Last night on the CBS Evening News, national security correspondent David Martin reported that a “well-informed source” informed the network that the CIA destroyed the interrogation videos to “avoid criminal prosecution.”
On Thursday, in a memo to CIA employees, Director Michael Hayden claimed that the videotapes were destroyed because they “posed a serious security risk“:
Beyond their lack of intelligence value — as the interrogation sessions had already been exhaustively detailed in written channels — and the absence of any legal or internal reason to keep them, the tapes posed a serious security risk. Were they ever to leak, they would permit identification of your CIA colleagues who had served in the program, exposing them and their families to retaliation from al-Qa’ida and its sympathizers.
CBS’s Martin reported, however, that a high-level anonymous source says that’s not true:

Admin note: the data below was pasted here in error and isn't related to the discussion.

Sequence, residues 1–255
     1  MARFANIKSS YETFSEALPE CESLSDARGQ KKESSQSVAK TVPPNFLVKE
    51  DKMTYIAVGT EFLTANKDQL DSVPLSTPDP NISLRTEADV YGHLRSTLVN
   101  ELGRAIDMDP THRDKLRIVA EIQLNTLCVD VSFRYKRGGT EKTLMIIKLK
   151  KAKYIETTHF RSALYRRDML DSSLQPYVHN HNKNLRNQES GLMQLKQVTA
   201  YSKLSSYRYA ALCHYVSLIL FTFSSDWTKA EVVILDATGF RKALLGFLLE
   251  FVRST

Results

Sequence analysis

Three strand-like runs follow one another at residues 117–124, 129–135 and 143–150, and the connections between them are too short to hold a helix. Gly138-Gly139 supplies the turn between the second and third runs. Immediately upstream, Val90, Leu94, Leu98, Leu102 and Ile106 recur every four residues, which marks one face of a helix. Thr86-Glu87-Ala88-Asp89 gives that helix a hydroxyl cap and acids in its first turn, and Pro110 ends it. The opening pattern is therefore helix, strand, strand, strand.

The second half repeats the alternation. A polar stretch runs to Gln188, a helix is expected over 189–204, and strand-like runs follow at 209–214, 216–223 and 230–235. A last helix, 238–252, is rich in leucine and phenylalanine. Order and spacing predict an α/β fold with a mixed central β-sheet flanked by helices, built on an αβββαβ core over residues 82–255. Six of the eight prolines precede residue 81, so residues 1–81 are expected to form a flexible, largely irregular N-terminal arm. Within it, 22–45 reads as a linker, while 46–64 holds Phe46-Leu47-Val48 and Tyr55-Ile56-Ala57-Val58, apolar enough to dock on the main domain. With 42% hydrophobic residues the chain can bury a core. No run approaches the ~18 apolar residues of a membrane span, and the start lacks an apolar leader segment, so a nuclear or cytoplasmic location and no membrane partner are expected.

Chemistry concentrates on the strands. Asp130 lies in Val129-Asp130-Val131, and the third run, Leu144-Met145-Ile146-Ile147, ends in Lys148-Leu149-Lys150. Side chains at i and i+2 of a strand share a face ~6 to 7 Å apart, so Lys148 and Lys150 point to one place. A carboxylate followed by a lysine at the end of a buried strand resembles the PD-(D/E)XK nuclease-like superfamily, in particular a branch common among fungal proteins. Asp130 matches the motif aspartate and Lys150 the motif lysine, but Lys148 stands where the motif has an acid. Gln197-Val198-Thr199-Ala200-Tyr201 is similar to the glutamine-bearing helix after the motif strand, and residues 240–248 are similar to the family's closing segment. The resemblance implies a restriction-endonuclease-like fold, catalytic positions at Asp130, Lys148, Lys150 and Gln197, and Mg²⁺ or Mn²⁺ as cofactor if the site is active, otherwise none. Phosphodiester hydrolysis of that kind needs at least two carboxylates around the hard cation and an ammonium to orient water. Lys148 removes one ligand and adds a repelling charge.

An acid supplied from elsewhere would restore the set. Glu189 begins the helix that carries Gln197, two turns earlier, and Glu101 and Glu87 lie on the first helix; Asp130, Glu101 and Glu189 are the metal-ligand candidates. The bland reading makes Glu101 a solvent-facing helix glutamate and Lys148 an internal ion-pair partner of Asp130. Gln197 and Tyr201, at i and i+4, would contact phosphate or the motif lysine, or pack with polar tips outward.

A well-informed source tells CBS News the videotapes of the interrogation of two high-level al Qaeda operatives were destroyed to protect CIA officers from criminal prosecution.
On Friday, Sen. Carl Levin (D-MI) scoffed at Hayden’s rationale for destroying the tapes, calling it a “pathetic excuse.” “You’d have to burn every document at the CIA that has the identity of an agent on it under that theory,” Levin said.
Sen. John McCain (R-AZ), however, said he would not side with calls for an investigation because he believed the CIA’s actions were legal. “That doesn’t mean I like it,” McCain added.